Nicotine gum also causes various other health issues that develop after long-term use. ‘I’ve been on the gum for about three years, after quitting smoking 20 years ago. My left eye has gotten worse and worse in the last few years and has resulted in my getting glasses and I’ve had four teeth pulled. I use up to 20 pieces of gum per day.’ says a 44-year-old musician. These health problems may not be connected to the gum, though most seem to appear once the gum is used as a long-term therapy.
Chewing nicotine gum can also cause complications on your skin and make it very uncomfortable and unattractive. A 58-year-old software engineer claims that a year ago he quit smoking and relied on nicotine gum instead: ‘My face had become horribly dry during the last year. At various times I would get pimples on my face which would leave scars – I now have 11. I now have reddish skin with white dots upon the rash.’ After visiting three different dermatologists, they could not determine what was causing such an outbreak.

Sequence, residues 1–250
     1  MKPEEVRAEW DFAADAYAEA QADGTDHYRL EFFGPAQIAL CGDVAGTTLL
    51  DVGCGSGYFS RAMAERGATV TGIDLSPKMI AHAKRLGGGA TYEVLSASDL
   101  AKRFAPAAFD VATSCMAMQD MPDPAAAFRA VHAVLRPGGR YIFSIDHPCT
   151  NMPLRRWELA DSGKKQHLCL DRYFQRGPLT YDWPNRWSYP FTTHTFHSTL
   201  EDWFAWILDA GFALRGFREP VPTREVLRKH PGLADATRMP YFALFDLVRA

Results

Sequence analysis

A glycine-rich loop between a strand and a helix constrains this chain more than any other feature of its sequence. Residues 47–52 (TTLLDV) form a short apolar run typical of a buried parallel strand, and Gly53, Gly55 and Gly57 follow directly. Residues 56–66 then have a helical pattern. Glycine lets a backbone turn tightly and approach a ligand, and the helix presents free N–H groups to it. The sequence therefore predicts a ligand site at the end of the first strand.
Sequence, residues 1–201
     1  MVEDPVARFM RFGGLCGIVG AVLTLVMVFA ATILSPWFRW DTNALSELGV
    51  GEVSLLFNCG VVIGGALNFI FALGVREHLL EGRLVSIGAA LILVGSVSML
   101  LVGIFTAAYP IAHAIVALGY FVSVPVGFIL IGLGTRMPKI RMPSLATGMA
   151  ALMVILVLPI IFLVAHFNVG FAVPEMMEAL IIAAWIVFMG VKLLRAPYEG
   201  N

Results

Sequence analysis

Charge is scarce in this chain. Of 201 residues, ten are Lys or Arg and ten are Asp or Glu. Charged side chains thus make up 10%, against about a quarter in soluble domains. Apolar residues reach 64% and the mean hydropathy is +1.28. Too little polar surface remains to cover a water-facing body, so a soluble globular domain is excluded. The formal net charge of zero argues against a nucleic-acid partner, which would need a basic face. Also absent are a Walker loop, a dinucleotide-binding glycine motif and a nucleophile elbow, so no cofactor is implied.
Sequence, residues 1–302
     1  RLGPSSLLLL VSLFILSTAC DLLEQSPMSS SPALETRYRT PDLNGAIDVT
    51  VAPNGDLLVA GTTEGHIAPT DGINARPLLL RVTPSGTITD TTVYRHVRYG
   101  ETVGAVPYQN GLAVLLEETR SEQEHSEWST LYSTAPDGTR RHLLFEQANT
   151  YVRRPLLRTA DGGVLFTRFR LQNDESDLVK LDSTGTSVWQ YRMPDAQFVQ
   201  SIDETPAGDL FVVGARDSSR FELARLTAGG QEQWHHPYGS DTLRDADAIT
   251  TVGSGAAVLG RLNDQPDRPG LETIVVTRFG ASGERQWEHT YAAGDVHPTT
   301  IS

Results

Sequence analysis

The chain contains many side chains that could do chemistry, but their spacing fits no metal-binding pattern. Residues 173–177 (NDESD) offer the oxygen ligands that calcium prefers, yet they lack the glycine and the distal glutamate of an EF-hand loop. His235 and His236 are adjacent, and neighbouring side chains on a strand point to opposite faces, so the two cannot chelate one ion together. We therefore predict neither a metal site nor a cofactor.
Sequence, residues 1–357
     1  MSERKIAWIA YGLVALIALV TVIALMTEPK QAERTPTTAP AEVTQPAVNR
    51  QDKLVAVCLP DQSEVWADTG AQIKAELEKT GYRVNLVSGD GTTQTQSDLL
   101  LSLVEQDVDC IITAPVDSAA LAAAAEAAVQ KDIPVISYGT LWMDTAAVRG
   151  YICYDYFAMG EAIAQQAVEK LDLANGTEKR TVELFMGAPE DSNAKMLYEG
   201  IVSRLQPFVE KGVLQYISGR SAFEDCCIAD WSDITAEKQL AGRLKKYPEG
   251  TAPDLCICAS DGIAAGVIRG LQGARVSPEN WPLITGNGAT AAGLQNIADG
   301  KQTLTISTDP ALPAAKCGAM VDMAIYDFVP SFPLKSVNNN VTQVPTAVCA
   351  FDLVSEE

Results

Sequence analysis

Other lesser considered side effects are nicotine withdrawal when you stop using the nicotine gum. Symptoms include:
High Blood Sugar
Some diabetic patients who quit smoking because of its destructive effects which aggravate effects of diabetes were put on NRT. For some time that apparently helped, however, many people have complained of a rise in blood sugar levels with the consistent use of nicotine gums.
A 38-year-old veteran, who is also a diabetic patient, sent us an email with his concerns about nicotine gums, “I have presented compliance with my diabetes treatment; however, my FBS is constantly rising. Should I quit using nicotine gum as well? Because this is the only way I can help, restore better health.”